it can be said that the side of life not trapped in lack is the place of mystical religious
experience, and that it is characterized not by futile efforts of compensation for what
is lacking but by a real experience of a fulfillment of a yearning for God.
Hence we can define mystical ecstasy
as a prescient experience of a complete union with God.
Because the mystical experience is beyond
sex, both men and women can be mystics; nevertheless, more women than men tend to have
mystical experiences. This can be explained by the fact that anyone who preoccupies
himself or herself with illusions of compensation is obstructing the mystical experience.
In the past this was true of most men, and it is still true of most men today. And, in
the past, many women were not drawn to these illusions. But today, sadly, because of
feminixt efforts in regard to “women’s liberation,” more and more women are being
“liberated” into sin and are crossing over into the use of illusions typically used by
Nevertheless, women who value the
supernatural—rather than shake it off as a burden—can have a special role
in their spiritual influence on men. In the book of Genesis we are told that the desires
of man’s heart are evil from his youth (see Genesis 8:21). In other words, both men and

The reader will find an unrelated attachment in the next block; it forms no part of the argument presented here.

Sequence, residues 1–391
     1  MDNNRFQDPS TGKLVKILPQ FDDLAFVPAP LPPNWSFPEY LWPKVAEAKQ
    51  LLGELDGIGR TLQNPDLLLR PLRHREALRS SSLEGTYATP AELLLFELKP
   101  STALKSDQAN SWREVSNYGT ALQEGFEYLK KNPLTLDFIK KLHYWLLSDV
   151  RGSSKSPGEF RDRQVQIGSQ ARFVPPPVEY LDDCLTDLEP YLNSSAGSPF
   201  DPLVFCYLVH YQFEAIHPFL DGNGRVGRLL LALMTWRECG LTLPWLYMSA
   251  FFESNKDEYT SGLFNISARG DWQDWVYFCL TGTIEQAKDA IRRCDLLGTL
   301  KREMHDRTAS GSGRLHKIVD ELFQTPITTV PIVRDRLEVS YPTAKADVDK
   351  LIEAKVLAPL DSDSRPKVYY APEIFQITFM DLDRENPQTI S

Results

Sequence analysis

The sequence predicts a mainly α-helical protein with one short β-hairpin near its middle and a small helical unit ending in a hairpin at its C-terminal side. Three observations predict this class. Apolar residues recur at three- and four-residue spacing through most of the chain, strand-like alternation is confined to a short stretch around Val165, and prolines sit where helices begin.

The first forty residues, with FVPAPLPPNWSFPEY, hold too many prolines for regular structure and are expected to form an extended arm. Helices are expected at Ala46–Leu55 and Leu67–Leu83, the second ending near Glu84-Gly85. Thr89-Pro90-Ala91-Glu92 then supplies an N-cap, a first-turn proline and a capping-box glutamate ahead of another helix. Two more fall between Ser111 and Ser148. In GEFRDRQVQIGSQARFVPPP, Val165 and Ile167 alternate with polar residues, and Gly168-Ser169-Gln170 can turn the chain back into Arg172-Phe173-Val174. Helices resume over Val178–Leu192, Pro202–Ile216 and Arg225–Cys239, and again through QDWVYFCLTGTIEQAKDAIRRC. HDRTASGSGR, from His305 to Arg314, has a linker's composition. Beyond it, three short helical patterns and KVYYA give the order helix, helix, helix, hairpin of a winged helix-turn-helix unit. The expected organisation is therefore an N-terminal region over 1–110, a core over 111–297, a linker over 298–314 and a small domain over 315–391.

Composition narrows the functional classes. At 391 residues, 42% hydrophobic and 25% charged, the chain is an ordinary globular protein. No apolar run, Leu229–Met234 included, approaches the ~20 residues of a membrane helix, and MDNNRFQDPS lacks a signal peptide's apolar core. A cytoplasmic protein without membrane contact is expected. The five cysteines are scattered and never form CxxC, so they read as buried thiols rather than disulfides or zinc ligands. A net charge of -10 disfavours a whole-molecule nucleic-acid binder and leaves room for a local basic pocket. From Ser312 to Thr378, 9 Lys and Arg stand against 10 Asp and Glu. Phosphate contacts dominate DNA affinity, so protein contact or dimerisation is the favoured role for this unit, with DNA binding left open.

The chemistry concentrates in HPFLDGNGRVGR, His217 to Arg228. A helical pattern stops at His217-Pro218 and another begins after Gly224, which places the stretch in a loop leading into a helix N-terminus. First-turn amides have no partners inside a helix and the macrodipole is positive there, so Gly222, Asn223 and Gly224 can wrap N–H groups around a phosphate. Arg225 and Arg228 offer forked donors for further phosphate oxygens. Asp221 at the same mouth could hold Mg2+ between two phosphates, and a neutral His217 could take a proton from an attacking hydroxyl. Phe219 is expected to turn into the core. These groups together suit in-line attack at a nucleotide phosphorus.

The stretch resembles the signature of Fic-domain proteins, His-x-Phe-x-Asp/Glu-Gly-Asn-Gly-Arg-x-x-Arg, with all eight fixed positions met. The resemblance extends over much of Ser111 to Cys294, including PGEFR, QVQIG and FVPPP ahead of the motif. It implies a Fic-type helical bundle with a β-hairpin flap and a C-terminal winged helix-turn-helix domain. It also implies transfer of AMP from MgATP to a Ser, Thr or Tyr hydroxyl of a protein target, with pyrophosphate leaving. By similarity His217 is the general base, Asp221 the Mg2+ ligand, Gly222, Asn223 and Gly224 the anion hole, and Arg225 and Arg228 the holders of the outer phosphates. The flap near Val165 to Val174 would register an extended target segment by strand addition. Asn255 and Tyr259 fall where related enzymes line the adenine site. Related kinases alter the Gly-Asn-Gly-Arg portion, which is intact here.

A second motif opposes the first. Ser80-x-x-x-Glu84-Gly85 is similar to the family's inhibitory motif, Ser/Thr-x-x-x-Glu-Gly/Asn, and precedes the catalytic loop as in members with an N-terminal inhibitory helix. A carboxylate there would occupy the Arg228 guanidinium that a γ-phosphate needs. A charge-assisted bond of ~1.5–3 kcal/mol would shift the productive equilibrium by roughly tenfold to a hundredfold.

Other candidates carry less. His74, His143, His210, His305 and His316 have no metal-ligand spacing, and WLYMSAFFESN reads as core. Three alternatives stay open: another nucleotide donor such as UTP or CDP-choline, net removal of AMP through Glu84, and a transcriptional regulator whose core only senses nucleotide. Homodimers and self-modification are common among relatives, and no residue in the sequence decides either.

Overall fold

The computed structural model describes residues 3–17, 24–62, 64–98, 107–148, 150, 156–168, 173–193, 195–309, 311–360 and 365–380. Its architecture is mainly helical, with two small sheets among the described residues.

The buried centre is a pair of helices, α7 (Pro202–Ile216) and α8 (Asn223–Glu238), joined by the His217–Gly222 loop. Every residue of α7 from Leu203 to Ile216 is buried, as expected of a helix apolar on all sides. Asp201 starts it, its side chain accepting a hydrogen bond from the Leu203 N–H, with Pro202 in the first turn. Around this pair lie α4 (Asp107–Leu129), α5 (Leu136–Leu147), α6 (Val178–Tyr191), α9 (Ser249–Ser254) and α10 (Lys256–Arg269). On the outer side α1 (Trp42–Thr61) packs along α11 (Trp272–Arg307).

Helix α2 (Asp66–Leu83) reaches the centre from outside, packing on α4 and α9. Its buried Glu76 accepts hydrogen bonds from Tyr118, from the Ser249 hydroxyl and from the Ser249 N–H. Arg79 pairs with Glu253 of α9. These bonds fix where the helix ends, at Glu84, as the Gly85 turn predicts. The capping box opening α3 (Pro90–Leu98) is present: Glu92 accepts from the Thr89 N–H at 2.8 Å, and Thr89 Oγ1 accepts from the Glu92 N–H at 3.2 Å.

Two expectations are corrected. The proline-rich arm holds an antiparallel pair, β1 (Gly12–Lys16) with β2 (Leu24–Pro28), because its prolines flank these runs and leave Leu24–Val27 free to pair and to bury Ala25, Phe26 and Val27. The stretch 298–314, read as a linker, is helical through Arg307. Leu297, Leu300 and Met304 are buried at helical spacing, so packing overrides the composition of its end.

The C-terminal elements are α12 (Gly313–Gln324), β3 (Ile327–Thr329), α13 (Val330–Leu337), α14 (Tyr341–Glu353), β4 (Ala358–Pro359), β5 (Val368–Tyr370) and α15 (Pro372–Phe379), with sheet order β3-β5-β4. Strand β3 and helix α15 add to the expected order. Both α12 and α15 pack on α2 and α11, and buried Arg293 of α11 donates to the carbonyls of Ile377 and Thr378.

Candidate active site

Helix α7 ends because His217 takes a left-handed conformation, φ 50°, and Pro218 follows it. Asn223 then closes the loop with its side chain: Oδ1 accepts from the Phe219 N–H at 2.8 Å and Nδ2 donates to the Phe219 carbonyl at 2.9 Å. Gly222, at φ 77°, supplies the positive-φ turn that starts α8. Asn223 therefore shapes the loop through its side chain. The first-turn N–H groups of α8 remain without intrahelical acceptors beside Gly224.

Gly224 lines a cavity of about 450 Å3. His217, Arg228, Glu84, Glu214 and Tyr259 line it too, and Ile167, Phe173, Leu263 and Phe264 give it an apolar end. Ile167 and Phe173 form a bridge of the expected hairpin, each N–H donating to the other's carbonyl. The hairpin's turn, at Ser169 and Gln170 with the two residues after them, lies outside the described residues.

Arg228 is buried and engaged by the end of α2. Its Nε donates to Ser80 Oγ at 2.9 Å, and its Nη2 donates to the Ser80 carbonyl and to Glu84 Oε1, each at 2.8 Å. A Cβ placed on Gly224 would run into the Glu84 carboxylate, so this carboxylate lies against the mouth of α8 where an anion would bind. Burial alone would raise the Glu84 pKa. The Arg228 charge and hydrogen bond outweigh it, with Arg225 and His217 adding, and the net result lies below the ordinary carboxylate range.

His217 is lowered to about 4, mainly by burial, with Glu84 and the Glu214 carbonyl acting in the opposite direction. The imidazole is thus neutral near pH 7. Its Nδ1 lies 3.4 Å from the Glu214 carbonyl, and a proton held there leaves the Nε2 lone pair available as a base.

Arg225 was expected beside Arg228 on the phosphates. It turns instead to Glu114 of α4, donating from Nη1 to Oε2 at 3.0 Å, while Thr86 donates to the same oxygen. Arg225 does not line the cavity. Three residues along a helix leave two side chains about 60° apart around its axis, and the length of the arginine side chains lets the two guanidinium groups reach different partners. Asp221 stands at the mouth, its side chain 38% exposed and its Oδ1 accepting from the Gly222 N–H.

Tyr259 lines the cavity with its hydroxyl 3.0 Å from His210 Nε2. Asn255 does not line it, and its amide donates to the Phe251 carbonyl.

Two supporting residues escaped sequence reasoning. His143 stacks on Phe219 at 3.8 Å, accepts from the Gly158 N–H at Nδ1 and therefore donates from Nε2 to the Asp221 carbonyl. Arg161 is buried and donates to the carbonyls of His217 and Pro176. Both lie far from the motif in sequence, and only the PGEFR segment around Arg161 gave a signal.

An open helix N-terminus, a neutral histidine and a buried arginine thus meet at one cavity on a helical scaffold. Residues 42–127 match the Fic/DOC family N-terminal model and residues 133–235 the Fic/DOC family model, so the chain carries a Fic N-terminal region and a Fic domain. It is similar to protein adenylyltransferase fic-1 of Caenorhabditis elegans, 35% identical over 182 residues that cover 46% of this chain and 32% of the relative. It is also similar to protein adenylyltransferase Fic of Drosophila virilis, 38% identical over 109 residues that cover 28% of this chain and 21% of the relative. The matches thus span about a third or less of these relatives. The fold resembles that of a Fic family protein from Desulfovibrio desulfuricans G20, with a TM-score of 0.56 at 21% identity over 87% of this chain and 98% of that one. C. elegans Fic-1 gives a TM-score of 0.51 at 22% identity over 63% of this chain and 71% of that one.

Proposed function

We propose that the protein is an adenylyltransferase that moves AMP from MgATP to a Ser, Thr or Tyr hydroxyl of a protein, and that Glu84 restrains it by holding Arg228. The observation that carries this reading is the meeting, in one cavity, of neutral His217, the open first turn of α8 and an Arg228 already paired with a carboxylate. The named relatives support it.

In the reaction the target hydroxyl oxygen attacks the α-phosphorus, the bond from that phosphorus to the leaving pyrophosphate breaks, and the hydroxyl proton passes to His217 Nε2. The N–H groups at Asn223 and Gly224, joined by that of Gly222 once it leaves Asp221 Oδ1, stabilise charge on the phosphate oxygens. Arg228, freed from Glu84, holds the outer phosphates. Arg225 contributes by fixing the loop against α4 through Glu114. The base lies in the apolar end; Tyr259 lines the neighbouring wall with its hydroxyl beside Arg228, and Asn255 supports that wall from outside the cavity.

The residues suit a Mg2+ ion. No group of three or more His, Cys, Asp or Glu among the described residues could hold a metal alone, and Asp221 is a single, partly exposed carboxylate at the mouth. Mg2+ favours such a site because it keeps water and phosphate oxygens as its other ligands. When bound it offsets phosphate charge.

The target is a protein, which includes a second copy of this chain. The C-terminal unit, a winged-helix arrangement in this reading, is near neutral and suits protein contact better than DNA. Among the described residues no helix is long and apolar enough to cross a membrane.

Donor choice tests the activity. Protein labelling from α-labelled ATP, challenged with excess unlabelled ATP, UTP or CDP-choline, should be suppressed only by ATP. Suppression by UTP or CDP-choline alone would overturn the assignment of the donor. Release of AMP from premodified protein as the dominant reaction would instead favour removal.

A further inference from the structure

women are prone to all illusions as a fact of (fallen) life, just as much today, in the
modern world, as in the past. Women, however, can be the glory of man (see 1 Corinthians
11:7). “Woman is the glory of man” means that when women seek the mystic way of life—that
is, a way of life governed not by an attempt to compensate for lack and limitation but by
a profound embrace of the fullness of God’s love—they renounce illusions for the sake of
an experience that is beyond sex, and so they take up a God-given spiritual authority
to relate to men with a real love that puts men in their proper spiritual place of loving
God rather than loving illusions.
Thus when both women and men seek the
supernatural side of life they participate in an equality that the trite illusions of
sexuality can never attain.